Philosophy of Physics Seminar (Thursday - Week 2, MT24)

Thursday 22nd October, 3:00pm - 5:00pm

Lecture Room, Radcliffe Humanities

Peter Morgan (Yale University): 'A Dataset & Signal Analysis Interpretation of Quantum Field Theory’

Abstract: Elementary signal analysis, with a dependence only on time, can be thought of as a 1+0-dimensional classical field theory, for which Fourier and other integral transforms and the use of Hilbert spaces are familiar. Signal analysis is less constrained than traditional classical mechanics insofar as its relationship with the available datasets does not assume a priori that the data is about object properties, making it a helpful intermediary for thinking about quantum field theory. The presence of several distinct kinds of noise requires statistical methods and, to accommodate the intervention and causal modelling aspect of signal analysis in a Hilbert space formalism, generalized probability theory.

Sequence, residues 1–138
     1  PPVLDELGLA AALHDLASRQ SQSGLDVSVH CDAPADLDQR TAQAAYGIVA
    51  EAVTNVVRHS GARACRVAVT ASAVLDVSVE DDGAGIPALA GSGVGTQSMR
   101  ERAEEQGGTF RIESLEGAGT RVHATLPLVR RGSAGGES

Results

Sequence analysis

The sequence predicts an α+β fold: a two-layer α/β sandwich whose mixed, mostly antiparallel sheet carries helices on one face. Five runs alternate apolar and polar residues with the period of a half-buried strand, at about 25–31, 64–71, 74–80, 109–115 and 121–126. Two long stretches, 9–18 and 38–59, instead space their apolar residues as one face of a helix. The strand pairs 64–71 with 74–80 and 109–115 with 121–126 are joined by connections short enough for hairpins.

I will show how we can use the Poisson bracket to extend classical mechanics to be as unconstrained as signal analysis, giving what I have called 'CM+'. The greater generality of CM+ includes measurement incompatibility, so that it has a measurement problem, which allows us to rethink the measurement problem as we have it for quantum mechanics. If we further require a CM+ model to differentiate between thermal noise and quantum noise (spoiler: it's about Lorentz invariance), then we must work in at least 1+1-dimensions and we can make even closer contact with quantum field theory.

I will also show that the nonlinear response to applied modulations that we expect in a signal analysis perspective suggests a way to rethink renormalization as a surreptitious way to introduce nonlinearity into an axiomatic quantum field theory. Signal analysis thus gives us ways to rethink both the measurement problem and the renormalization 'problem'.

_{Philosophy of Physics Seminar Convenor: Christopher Timpson | Philosophy of Physics Group Website}